C. Review The Burn Journals by Brent Runyon is an intimate memoir about the recovery from depression and a horrific suicide attempt. Brent Runyon was born in 1977 in Falls Church, Virginia. Runyon was a normal public school student until his depression got out of control and he resorted to suicide. He had several attempts that never would work. Although his suicide was not successful there was one final attempt that would take years of recovery.
Evidence of Suffering in The Catcher in the Rye In The Catcher in the Rye Holden suffers from the death of his beloved, younger brother, his self-imposed alienation because of his inability to feel comfort around people and his nervous tendencies towards sex and sexuality. In the novel, Holden frequently reflects on Allie and praises him on his intelligence, kindness and attraction from others. Holden describes Allie as the perfect child and loved by all of his teachers. Unfortunately, Allie died from leukemia when Holden was thirteen. When Allie died, Holden smashed every window in his garage; his violent action foreshadowed his later self-destructive personality.
Erickson's Stages of Psychosocial Development In the movie Ordinary People, the character Conrad shows signs of having missed a stage in Erickson’s stages of psychosocial development. The relationship that Conrad and his mother have is very unusually and could explain a lot of why Conrad puts so much of the guilt of his brother’s death on himself. It’s possible that when Conrad was a little boy his mother spent more time with his older brother and didn’t really pay much attention to him or certain tasks that he accomplished. This stage would be Initiative vs. Guilt.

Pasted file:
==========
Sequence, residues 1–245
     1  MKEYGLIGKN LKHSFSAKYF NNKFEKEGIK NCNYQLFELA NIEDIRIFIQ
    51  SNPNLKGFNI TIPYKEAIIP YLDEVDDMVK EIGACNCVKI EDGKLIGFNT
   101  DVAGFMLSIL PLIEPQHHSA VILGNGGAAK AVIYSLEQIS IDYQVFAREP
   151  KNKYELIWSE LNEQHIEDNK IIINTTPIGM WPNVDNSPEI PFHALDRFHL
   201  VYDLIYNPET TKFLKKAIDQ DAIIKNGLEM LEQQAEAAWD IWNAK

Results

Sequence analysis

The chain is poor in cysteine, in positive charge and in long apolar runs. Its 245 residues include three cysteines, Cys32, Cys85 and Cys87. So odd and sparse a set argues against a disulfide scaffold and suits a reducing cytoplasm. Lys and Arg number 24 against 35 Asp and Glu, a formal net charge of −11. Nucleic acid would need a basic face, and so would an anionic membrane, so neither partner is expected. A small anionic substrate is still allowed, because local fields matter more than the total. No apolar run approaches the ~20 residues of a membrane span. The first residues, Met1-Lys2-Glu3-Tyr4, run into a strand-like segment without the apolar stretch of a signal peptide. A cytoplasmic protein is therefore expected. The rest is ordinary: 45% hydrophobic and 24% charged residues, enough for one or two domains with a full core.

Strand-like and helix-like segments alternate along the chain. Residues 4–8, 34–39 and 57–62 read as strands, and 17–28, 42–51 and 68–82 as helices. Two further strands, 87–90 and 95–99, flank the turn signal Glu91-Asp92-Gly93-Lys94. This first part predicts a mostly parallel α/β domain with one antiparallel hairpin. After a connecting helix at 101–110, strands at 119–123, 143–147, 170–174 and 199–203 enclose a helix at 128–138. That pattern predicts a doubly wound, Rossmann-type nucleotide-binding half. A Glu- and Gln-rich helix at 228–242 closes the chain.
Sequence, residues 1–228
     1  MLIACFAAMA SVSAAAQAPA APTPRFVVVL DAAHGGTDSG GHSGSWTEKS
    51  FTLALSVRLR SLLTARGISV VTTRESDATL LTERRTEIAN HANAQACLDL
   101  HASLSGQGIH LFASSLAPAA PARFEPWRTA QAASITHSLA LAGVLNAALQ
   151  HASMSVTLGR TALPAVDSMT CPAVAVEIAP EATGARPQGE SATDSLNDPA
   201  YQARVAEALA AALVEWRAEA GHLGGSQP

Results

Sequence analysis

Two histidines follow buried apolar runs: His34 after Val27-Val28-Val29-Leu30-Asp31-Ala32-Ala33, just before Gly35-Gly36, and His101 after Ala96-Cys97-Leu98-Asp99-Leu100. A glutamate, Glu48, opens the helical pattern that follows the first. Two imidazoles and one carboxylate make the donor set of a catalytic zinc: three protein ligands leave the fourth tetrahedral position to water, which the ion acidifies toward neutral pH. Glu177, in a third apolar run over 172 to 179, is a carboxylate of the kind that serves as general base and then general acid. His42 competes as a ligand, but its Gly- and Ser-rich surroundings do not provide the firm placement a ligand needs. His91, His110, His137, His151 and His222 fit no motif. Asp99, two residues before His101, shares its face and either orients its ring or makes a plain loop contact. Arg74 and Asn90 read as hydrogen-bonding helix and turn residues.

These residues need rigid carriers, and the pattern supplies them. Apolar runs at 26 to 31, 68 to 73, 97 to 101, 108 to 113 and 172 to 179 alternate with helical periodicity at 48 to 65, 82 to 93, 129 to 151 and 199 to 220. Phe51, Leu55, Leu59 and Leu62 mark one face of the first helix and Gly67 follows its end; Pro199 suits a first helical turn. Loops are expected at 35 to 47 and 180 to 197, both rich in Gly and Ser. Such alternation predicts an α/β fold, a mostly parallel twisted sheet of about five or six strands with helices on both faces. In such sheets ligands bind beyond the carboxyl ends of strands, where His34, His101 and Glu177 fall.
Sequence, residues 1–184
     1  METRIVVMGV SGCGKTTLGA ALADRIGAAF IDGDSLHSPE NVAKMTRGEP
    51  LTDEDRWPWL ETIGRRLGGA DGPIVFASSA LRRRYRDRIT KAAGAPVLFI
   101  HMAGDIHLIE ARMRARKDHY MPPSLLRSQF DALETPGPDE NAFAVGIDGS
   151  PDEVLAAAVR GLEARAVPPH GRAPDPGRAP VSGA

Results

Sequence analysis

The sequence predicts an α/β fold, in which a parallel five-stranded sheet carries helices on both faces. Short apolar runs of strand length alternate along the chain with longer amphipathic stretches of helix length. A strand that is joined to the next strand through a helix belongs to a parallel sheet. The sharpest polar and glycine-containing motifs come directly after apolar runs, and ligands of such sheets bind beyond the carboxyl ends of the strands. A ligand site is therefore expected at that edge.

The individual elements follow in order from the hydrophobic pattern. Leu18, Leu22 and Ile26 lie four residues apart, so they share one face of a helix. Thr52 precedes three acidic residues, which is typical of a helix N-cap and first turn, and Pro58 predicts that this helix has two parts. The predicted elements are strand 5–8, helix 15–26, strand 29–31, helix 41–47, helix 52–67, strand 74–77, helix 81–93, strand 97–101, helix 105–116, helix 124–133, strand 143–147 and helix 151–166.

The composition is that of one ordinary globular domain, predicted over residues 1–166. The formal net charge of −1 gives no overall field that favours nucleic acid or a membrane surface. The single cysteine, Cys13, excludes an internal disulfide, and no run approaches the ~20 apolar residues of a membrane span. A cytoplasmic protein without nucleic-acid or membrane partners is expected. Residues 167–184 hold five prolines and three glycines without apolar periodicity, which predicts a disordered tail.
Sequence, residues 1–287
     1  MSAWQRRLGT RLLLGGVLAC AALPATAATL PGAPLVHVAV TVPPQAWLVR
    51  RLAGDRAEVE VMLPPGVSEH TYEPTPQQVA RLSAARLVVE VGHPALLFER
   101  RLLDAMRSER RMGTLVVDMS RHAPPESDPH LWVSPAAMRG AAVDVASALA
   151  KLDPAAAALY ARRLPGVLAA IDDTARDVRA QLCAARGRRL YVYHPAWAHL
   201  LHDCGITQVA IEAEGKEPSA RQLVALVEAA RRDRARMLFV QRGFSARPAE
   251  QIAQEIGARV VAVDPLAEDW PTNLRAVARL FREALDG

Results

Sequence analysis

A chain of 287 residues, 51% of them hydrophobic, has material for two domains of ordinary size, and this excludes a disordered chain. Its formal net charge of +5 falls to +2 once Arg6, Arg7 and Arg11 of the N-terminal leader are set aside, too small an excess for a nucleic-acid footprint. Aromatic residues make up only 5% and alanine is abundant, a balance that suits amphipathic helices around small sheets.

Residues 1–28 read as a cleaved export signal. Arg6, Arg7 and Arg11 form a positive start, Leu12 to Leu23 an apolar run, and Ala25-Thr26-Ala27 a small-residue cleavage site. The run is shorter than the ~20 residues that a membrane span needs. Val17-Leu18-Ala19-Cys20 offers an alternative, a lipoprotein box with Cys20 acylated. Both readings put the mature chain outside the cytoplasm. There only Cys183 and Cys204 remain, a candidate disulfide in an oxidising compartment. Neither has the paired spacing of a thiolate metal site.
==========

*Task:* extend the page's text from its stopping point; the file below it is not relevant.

Holden often filters his speech in order to please those around him, yet he thinks the complete opposite in his head e.g. when Holden is talking to Ernest’s mother on the train and lying about how he is one of the most “popular boys in school”, while in reality he believes he is doubtless “the biggest bastard”. * In particular he repeatedly explains how much he hates “phonies” such as his brother D.B. who sold out to Hollywood, D.B.s ex-girlfriend and even Stradlater, a shallow and “secret slob”. In saying this however, Holden is often recognised as a phony himself such as when he gives himself the identity of Rudolf Shmidt on the train or when he refuses sexual opportunities despite always thinking, questioning and desiring sex e.g.
They never really got along, however he continues in the text saying that after his father’s death he began to contemplate and wonder why this was. He came to the retaliation that his father was very paranoid even with his own family. Before his death, he stopped eating food from his family because he believed they were trying to poison him. The rest of his essay speaks of the harsh society during the era of the civil rights movement. His father despised white people and barely ever trusted any of them, which was the stem of his paranoia.